When you are a novice in the kitchen and you want to prepare a meat course, a traditional slow cooked stew is always the most forgiving option. Cooking to perfection a fillet can be daunting, as within a matter of seconds it goes from perfectly cooked to a rubbery shoe sole.
With a stew you do not incur these problems. Just arm yourself with patience and start ahead of time: if you get distracted and braise the meat for ten more minutes, then nothing happens. It actually gains more flavour. The first time I cooked a wild boar I faced it with a serene spirit, reassured by this perspective.
Marinade the wild boar with herbs, vegetables and wine overnight and do not forget bay leaves and juniper, which beautifully marry the gamey meat. Bring the wild boar to room temperature before cooking it, a small expedient which is alway of use when it comes to cooking meat.
Braise the wild boar with its battuto, the chopped vegetables, and its marinade liquid on low flame and slowly, as if you had the whole day. You do not need to be there constantly watching it, just check it from time to time to add more liquid when needed.
Do not be scared by the amount of extra virgin olive oil used in this recipe: you are not going to eat wild boar every day, are you?, so cook it as it should be and enjoy it. If you reduce the amount of olive oil you will end up with a dry and stringy meat.
Serve the stewed wild boar as a main course, accompanied by a simple side dish as a potato salad or enough crusty bread to mop up the sauce, or use it to dress a generous bowl of tagliatelle or tortelli.
Stewed wild boar with olives
- 850 g of wild boar meat
- 1 carrot
- 1 celery stalk
- 1 red onion
- 1 sprig of rosemary
- 2 bay leaves
- 1 clove of garlic
- 5 juniper berries
- 500 ml of red wine
- 100 ml of extra virgin olive oil
- 2 generous pinches of salt
- A few rounds of black pepper
- 500 ml of slightly salted hot water
- 100 g of green olives
- Rinse the wild boar and place it in a bowl that fits it comfortably. Add the chopped carrots and celery, the quartered onion, the bay leaves, rosemary, garlic and juniper berries. Pour in the red wine to completely cover the meat, close the bowl with clingfilm and put it in the fridge to marinate overnight.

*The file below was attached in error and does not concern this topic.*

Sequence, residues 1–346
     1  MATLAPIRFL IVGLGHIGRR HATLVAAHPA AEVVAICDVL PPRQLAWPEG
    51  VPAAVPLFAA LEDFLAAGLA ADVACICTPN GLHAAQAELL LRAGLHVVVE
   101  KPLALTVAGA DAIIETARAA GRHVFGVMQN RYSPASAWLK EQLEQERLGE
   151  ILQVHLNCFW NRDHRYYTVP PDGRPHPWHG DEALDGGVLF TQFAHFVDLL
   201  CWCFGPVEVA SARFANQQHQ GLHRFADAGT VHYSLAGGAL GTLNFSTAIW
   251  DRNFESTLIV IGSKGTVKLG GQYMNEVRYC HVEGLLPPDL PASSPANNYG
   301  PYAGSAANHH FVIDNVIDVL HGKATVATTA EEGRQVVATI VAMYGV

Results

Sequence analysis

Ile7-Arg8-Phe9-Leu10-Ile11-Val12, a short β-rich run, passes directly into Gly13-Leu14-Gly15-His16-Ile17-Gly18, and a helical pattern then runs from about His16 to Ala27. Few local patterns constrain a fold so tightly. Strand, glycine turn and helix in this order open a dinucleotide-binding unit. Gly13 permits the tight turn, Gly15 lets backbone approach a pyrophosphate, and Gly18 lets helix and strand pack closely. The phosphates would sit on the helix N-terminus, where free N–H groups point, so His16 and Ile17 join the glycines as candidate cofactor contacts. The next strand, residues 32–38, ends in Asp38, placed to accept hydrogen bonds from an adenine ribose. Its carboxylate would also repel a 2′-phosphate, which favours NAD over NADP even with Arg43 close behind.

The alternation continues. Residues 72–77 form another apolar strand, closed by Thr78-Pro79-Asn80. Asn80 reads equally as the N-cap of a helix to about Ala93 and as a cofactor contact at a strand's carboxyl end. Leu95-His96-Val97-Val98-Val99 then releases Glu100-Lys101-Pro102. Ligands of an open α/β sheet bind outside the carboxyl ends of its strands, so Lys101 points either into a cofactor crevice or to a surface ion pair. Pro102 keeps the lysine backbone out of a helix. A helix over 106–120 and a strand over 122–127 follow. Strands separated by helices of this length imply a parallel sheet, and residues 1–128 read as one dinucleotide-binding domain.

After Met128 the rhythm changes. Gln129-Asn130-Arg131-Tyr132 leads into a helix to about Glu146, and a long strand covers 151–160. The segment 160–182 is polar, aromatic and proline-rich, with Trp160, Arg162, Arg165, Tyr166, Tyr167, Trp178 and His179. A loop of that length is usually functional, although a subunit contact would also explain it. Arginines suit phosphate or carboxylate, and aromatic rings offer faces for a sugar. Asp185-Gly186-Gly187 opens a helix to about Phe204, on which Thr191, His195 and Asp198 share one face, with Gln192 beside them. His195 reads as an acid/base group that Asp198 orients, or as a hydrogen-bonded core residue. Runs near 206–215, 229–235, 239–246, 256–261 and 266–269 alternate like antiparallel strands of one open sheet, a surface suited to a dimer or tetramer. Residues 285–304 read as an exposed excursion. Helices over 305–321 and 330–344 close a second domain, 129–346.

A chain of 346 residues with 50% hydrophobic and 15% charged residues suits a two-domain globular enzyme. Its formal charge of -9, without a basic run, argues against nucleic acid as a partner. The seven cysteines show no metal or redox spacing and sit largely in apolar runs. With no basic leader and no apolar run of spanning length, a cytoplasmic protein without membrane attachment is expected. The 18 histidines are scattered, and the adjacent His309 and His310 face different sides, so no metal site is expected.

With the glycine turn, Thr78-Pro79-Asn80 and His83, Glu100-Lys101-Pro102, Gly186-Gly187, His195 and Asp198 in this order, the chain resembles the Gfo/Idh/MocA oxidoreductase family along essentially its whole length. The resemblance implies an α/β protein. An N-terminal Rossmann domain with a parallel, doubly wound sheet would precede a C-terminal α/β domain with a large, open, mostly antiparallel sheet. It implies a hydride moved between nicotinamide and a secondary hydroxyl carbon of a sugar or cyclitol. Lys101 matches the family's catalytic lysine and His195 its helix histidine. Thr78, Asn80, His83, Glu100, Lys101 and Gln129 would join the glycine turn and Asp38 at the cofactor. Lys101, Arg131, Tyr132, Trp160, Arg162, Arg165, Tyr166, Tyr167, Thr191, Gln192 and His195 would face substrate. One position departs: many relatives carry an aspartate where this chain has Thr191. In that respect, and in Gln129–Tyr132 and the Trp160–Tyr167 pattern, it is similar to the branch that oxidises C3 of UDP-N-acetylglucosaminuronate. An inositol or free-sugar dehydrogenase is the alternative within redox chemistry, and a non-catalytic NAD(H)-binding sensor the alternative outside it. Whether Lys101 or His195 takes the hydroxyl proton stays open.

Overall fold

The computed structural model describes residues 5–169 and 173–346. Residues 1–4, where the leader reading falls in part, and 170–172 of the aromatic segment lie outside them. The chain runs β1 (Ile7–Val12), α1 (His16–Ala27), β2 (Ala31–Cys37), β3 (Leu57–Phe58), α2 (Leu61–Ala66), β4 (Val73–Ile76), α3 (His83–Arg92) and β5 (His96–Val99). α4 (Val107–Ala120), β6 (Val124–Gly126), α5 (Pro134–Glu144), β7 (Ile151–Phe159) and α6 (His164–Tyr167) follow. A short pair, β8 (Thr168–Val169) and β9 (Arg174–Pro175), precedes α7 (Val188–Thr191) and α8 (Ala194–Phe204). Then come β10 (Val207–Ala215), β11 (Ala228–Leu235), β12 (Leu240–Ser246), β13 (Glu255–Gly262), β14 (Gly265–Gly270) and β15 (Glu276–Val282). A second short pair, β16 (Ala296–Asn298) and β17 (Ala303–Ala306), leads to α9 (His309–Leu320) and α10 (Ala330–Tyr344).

- The next day remove the bowl from the fridge and bring the meat back to room temperature. Cut the wild boar into regular pieces slightly bigger than a walnut, then put it aside.
- Filter the marinade and collect it in a jug, you will need you later.
- Finely chop all the vegetables, rosemary and juniper berries, leaving the bay leaves whole.
- Pour the olive oil into a thick bottomed pot and add the chopped vegetables and the bay leaves. Let it brown on low heat for about ten minutes until it softens. Now add the wild boar and stir well to mix it with the sautéed vegetables. Season the wild boar with two generous pinches of salt and a few turns of black pepper. Cook it over medium heat for about ten minutes until seared.
- Pour in the wild boar marinade, then move it on low flame and cover the pot with a lid.
- Braise the wild boar for about two and a half hours, checking it from time to time to prevent it from drying too much. After about one hour add 500 ml of slightly salted hot water.
- When the wild boar is almost ready, add the olives and cook for the last five minutes.
- Turn off the heat and let it rest for a few hours. It will gain flavor.
- Before serving it, warm it on a lively flame.
Tuscan sagre – Summer edition
You find more dates and infos on Sagre Toscane. If you have visited a sagra which is worth sharing, just write about it in the comments!